"I know how to win balls," he told Sport/Foot magazine last season. "I can score goals, I'm good in the air. My recovery, without being the best in the world, is good. I can pass. As an offensive midfielder, I know how to cause trouble for defenders. I'm not going to say that I cause havoc in the box, but I see that the defenders keep a close eye on me. They fear me. And sometimes we do not acknowledge that I know how to play football. I have improved a lot on the technical side and in keeping the ball. But my original position is defensive midfielder." That is where United should play him.
Martin Demichelis (Atletico Madrid, £4m):
What a piece of business this has proved to be -- for Atletico, that is. Demichelis was part of the Malaga firesale and headed to Madrid on a free transfer, where he stayed a matter of weeks. Atletico could sense City's urgency for another center-back - which grew after captain Vincent Kompany was injured early in the season -- and new coach Manuel Pellegrini was set on getting his former player. Atletico held firm on its fee, and City paid up.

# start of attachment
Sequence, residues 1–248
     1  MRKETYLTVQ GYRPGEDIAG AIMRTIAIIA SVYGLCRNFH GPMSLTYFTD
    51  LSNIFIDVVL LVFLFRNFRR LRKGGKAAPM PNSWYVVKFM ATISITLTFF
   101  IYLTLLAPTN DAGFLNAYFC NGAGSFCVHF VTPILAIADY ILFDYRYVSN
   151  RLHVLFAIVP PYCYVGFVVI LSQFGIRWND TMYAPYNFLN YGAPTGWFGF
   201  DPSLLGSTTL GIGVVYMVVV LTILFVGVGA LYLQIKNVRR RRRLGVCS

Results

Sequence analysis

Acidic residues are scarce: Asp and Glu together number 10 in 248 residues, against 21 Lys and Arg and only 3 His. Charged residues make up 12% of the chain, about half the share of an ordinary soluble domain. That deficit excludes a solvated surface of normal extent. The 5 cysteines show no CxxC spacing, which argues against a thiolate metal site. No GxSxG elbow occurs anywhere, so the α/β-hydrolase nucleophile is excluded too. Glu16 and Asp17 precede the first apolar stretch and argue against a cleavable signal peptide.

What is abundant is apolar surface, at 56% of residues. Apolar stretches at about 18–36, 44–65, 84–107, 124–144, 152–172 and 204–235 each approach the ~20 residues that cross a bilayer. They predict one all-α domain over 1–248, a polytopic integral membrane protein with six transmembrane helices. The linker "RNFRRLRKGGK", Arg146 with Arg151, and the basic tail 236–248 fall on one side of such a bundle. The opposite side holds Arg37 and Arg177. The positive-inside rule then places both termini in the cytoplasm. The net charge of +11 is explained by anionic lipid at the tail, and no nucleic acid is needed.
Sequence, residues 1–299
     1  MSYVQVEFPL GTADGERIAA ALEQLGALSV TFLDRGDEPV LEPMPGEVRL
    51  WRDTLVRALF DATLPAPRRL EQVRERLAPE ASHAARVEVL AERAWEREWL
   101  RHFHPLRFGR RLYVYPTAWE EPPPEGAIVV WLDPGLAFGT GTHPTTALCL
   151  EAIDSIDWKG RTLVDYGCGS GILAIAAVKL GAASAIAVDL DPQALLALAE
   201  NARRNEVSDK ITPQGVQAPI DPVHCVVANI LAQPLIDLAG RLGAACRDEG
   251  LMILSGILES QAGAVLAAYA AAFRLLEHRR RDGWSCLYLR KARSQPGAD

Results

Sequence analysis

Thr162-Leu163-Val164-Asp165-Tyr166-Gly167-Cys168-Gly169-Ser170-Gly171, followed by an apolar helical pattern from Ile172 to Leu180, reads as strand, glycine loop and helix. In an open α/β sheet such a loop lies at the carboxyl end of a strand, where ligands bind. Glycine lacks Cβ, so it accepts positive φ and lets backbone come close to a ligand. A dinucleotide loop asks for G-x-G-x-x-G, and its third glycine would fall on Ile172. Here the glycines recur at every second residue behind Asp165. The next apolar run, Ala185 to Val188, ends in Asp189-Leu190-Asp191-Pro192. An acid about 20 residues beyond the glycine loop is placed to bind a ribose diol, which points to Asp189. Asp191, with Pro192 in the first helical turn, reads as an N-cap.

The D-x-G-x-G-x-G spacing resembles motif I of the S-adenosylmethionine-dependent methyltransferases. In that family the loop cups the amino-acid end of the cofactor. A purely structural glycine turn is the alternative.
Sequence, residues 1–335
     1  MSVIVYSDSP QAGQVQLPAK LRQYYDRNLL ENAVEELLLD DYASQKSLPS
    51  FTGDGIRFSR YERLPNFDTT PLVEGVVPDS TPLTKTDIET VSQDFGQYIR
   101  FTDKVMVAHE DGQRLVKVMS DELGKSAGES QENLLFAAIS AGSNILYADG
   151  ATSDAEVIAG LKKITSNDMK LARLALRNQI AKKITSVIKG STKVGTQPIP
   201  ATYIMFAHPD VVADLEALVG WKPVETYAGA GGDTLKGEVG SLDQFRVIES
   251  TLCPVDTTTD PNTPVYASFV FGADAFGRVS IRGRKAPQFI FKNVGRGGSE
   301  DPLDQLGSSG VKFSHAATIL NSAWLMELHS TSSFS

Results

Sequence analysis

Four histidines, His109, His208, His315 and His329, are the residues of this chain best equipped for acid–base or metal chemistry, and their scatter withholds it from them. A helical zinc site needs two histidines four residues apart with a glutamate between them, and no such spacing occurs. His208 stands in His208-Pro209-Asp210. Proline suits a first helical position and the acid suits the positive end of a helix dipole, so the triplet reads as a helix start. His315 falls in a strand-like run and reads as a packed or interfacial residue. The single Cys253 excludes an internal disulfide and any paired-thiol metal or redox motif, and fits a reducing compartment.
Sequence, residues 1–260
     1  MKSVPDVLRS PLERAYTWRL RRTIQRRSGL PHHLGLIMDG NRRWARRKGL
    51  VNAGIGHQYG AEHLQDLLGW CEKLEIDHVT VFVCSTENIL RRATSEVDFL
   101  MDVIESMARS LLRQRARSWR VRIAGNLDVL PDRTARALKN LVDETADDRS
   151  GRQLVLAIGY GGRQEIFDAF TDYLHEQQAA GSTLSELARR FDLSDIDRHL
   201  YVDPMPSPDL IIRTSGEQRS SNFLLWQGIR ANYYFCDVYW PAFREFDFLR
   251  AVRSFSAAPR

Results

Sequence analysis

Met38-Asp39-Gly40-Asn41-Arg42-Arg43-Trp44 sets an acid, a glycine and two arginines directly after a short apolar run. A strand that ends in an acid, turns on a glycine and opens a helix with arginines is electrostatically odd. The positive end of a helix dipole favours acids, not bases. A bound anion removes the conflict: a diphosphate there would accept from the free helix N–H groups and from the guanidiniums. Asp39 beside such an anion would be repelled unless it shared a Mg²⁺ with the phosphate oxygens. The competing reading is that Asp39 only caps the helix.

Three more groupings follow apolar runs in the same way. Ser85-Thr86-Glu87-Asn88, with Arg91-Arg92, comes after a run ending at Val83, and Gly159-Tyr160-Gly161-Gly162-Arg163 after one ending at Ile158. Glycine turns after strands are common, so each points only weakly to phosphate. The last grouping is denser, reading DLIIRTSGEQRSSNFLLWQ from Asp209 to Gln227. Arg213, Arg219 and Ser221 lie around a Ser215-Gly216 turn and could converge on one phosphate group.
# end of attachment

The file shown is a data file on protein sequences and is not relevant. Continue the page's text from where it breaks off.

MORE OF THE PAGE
A few days later, Demichelis injured his knee ligaments in training, and is expected to be out for six weeks. A strange signing when it happened and now, you just wonder how much value for money City will get out of the Argentine.
Romelu Lukaku (Everton, loan):
Lukaku's on his way to West Brom! No, he's going to Everton! But José likes Steve Clarke and will do him a favor to help his side fight relegation! But Lukaku is just what Everton need! Such was the drama with one hour before the transfer window closed that even Lukaku wasn't sure where he would end up. But he knew one thing: the arrival of Samuel Eto'o, and non-departure of Demba Ba (whose move to Arsenal fell through once Ozil joined the Gunners, as José Mourinho did not want to strengthen it further) meant that his opportunities in the first team were sure to be limited.
There is no shame in it: Lukaku is only 20, he scored 17 Premier League goals last season and his Belgium team-mate Thibaut Courtois is proving that it's better to play somewhere on loan (in his case, Atletico), than stay and not play. As some close to the player suggested, it was Lukaku's decision, one year before the World Cup, to move; and given that he has fallen behind Christian Benteke in the pecking-order to be Belgium center-forward, you can see why it makes sense.
The year before a World Cup is often a strange one transfer-wise, and a handful of players have dropped a level in order to guarantee playing-time at clubs: just look at Ozil (sorry Gunners fans but yes, this is a step down) and Mamadou Sakho (pipe down Liverpool fans, PSG are a Champions League contender this year). Perhaps more than Lukaku, the best example is of his striking rival Benteke, who stayed at Aston Villa, is still scoring goals, and is still Belgium's number nine.